Overall, I found the game as addictive as it was frustrating. It demands patience, logic and a natural curiosity. Scientific principles are explored in very dry presentations, however, and will not appeal to students who are unable to stay awake in biology class.

Bioscopia, from Tivola, $19.99; cross-compatible with Macintosh and PC systems.

Three to see

Check out these three multimedia entertainment items for children 5 years old and older:

RalliSport Challenge, from Microsoft Game Studios for Xbox, $49.99. This exciting racing simulation for Bill Gates' premier console entertainment center is filled with realism, a painless learning curve and plenty of action.

RalliSport features more than 25 licensed vehicles that can race on 45 different tracks in four modes. The lifelike intensity of the experience will make players sweat as they combat track conditions, their prized cars taking damage as they test the sound barrier crossing the finish line.

Although PlayStation's Gran Turismo franchise is more expansive and offers greater customization, RalliSport Challenge is still off to a great start.

Sonic Adventure 2 Battle, from Sega for GameCube, $49.99. The blue hedgehog that has been the exclusive mascot for Sega's gaming systems for more than a decade is branching out, spreading his frenetic mayhem to Nintendo's latest home-entertainment console.

This thoroughly enjoyable third-person action title, based on the Sega Dreamcast version, allows children the chance to save the world as a Hero (Sonic, Knuckles and Tails) or eliminate it by becoming a Dark character (Dr. Eggman, Shadow and Rouge). Through 150 missions spread over 30 stages, the fun moves at a high-speed clip and features plenty of rail grinding, ring collecting and battling.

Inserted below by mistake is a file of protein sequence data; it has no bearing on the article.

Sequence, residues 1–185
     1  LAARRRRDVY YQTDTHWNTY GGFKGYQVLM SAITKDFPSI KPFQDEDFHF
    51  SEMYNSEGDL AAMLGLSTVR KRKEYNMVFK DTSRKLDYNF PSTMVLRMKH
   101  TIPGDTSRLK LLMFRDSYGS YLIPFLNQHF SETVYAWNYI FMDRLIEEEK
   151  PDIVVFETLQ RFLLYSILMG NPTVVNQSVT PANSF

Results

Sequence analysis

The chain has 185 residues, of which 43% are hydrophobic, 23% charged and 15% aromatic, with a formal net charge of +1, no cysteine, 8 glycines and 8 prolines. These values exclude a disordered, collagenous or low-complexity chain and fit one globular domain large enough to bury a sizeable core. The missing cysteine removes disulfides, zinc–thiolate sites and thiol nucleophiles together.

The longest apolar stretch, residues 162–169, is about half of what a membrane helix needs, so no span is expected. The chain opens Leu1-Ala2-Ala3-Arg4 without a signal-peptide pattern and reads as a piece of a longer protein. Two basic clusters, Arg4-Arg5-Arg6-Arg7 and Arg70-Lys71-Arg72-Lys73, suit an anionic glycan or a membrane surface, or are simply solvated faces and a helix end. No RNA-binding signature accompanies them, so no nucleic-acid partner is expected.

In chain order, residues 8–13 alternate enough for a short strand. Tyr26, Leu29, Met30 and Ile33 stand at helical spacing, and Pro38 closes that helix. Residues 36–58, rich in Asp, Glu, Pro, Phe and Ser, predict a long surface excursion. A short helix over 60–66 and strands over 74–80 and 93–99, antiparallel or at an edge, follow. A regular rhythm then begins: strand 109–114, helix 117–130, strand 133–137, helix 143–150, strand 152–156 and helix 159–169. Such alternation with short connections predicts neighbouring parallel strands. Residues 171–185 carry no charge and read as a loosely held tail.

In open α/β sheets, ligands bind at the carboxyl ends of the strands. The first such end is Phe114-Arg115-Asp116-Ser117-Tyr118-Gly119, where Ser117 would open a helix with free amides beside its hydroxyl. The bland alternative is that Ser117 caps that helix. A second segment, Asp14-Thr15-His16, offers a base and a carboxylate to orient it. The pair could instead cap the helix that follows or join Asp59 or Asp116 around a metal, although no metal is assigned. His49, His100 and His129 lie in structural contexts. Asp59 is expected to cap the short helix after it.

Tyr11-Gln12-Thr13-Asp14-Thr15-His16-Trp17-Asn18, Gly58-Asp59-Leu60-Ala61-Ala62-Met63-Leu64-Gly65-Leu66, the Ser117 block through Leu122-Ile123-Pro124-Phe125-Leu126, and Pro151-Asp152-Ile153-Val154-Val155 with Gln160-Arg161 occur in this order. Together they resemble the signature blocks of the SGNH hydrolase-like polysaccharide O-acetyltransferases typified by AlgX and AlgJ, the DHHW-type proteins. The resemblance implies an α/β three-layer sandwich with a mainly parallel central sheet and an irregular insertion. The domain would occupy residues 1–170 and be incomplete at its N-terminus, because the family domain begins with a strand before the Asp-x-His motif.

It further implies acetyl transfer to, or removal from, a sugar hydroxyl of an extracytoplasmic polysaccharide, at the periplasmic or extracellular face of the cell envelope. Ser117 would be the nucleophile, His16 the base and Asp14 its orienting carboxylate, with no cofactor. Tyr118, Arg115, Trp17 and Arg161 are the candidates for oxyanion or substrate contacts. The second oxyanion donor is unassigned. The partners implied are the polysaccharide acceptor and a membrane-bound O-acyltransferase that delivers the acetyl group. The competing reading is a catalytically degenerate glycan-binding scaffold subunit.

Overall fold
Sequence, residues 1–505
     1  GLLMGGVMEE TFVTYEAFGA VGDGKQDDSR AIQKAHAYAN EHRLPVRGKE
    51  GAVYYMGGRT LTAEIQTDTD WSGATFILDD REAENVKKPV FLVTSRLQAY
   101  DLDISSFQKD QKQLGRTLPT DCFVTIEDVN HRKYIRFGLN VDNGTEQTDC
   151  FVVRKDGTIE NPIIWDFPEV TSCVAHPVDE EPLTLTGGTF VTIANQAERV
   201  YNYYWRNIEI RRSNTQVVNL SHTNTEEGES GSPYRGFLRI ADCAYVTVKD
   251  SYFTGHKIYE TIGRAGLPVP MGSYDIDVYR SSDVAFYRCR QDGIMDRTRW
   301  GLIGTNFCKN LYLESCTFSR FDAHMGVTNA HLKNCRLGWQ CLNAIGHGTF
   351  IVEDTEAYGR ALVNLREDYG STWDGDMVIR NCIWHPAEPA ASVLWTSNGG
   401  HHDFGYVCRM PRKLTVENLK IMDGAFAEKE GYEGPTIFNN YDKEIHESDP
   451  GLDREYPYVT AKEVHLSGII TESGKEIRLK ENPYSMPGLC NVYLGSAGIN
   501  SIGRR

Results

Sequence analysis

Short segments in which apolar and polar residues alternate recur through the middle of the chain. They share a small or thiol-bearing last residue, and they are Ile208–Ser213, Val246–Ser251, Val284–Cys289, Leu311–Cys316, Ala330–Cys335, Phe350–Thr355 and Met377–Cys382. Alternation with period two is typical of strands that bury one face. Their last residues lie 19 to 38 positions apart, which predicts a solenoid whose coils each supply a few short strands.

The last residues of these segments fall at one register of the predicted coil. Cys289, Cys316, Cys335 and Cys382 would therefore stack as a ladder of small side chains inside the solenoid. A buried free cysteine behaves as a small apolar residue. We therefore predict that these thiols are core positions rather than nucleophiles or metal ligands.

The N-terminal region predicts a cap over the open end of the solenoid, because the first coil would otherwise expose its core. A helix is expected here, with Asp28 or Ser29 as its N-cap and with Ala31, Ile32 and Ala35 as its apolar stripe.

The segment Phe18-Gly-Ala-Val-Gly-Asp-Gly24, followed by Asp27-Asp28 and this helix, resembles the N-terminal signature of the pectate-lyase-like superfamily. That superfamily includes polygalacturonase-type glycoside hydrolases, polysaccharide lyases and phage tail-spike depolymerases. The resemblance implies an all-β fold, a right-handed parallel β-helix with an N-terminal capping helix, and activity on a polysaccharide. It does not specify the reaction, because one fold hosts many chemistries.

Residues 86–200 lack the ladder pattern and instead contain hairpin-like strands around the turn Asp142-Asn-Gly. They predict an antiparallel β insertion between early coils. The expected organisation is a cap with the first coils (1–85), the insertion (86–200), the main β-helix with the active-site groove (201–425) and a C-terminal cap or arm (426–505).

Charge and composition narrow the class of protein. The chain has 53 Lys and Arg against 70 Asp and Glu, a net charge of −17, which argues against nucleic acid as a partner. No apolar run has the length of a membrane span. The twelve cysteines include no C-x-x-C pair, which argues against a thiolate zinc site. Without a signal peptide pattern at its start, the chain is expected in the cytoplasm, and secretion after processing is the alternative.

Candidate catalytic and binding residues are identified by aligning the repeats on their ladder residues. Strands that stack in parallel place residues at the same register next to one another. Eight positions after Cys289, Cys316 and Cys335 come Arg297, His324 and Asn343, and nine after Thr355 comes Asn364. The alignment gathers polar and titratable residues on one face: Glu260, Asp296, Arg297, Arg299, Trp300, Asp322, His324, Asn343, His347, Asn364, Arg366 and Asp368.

Of course, the cuddly virtual Chao pets return for multiple minigame diversions. They reside on the screen or can be transported back and forth to a Game Boy Advance using a cable purchased for the hand-held unit.

Truck Adventures, from Warner Home Video for DVD-enabled computers and home-entertainment systems, $16.95. Dave Hoff returns in digital-video-disc format to mesmerize children with his unique explanations of giant vehicles.

Combining three episodes of the hugely popular "Real Wheels: There goes a " series, the title gives curious tykes a look at firetrucks, garbage trucks and the big rigs that transport and help build the world.

For more than 90 minutes, Dave demonstrates ladders that can reach up 10 stories, dissects the innards of a truck, highlights a vehicle that tows the space shuttle and talks about the finer points of trash collecting.

Bonus features include an interactive firetruck, a cool video glossary, a sing-along about a firetruck, and bloopers of Dave and the gang, which reinforce his image of a bumbling but lovable personality.

ROMper Room is a column devoted to finding the best of multimedia edutainment. Write to Joseph Szadkowski, The Washington Times, 3600 New York Ave. NE, Washington, DC 20002; call 202/636-3016; or send e-mail ([email protected]).